Also shows you where the ‘growth’ has been – services, which is usually someone paying for something they used to do themselves.

  6. H B Bear

    Taxing people to pour money into the black holes of State education and health cannot be helping.

  7. Pyrmonter

    That attack on Crafts, and implicitly on a dozen other, very able economic historians, including Floud, McCloskey and the cliometricians of modern economic history is unwarranted, bordering on the foolish. This is how nonsense like the work of Hobsbawm gains traction over that of people like of Max Hartwell. Sometimes I wonder, which is the more heterodox: Kates or Kelton?

  8. Tim Neilson

    Bernard Woolley : I don’t think Sir Humphrey understands economics, Prime Minister. He did read classics, you know?

    James Hacker : How about Sir Frank? He is head of the Treasury.

    Bernard Woolley : Well, I’m afraid he’s in even greater disadvantage in understanding economics. He’s an economist.

    [“Yes Prime Minister”]

  9. Spurgeon Monkfish III

    Well, I’m afraid he’s at an even greater disadvantage in understanding economics. He’s an economist.

    Game set and match, Lord Woolley GCMG.

  10. Pyrmonter

    @ Spurgeon

    Sir Bernard was never ennobled in the authoritative Hacker diaries (in the publication of which he assisted the editors, gratefully noted in the foreword).

    He received the GCB, the Knight Grand Cross of the Most Honourable Order of the Bath. It’s rarer, and shows greater distinction than life peerages, which are for sale from the Party Treasurers of whichever party is in power.

  11. Tel

    Taxing people to pour money into the black holes of State education and health cannot be helping.

    It helps add numbers to the tally under the heading “Productivity” if that’s what you mean.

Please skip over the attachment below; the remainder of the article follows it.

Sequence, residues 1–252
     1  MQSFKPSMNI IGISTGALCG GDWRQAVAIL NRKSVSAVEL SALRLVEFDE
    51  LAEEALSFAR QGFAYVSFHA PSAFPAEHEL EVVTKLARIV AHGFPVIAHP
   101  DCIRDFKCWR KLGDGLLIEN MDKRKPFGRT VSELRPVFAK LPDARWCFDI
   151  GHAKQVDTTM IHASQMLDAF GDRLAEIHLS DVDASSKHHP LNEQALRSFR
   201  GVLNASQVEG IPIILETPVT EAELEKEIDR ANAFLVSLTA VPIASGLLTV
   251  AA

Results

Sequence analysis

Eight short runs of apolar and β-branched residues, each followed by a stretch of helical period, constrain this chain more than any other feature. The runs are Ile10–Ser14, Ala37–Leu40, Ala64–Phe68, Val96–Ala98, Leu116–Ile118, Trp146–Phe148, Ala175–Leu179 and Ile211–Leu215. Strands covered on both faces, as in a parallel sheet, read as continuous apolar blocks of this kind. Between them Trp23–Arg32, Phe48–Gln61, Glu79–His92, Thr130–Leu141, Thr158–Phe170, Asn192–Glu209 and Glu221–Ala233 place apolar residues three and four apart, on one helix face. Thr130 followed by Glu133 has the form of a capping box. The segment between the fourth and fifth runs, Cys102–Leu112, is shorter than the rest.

12. Tel

    Britain’s Productivity Decline Is the Worst in 250 Years

    Ignoring for a moment the weird measurements that go towards “Productivity” and the question of meaningless statistics … both lines in the graph are trending upwards, therefore we have more people working, and per person they are producing more as well. So even on their own terms this “productivity decline” is utter bullshit, nothing has declined.

  13. TFX

    I suggest everyone get used to low productivity growth. Have economists forgotten the Solow Swan model on total factor productivity and the consequent increases in real wages. The technological frontier is not moving very quickly for frontier economies. Robert Gordon from Northwestern University in the US has documented the technological slowdowns in a variety of industries in the US. In Australia, it is well documented for our agriculture sector – a technological frontier industry – has had diminishing marginal returns to research with the consequent lower productivity growth. This is being repeated around the world at the frontiers. Those behind the frontier can catch up, as China is doing, but the future then looks bleak. Solow made the quip that we can see the electronics revolution everywhere except in the productivity statistics. My favourite data points demonstrating this are the average age of when science Nobel prize winners made their discoveries has increased by about a decade since the introduction of the prizes. When they are introduced there were estimated to be 1000 physicists in the world. Now there are estimated to be 1 million physicists and a recent Nobel physics prize paper had over 1000 authors, of which only a maximum of three could be called Nobel laureates. In both cases we have seen changes of three orders of magnitude. People had better get used to much lower real wage increases compared to the past.

  14. Spurgeon Monkfish III

    Pyrmonter – I was recalling the conversation where Humpey and Bernardo explain to Hacker the titles of the various knighthoods, with GCMG being the pinnacle, “God Calls Me God”.

  15. Pyrmonter

    @ Spurgeon

    Indeed. But the Michael and George is for the FCO and commonwealth appointees – so there used to be lots of Australian Ks and a few Gs. It has its origins in the now very obscure protectorate of the Ionian islands. Domestic UK civil servants get the BE or Bath (or, very rarely, the Thistle or Garter)

  16. John A

    Roger #3313567, posted on February 5, 2020 at 10:04 am

    ‘Classical Economic Theory and the Modern Economy’

    Will there be a dumbed down version for politicians?

    Yes, that would only take one sentence:

    “Shut up, and stop spending our money!”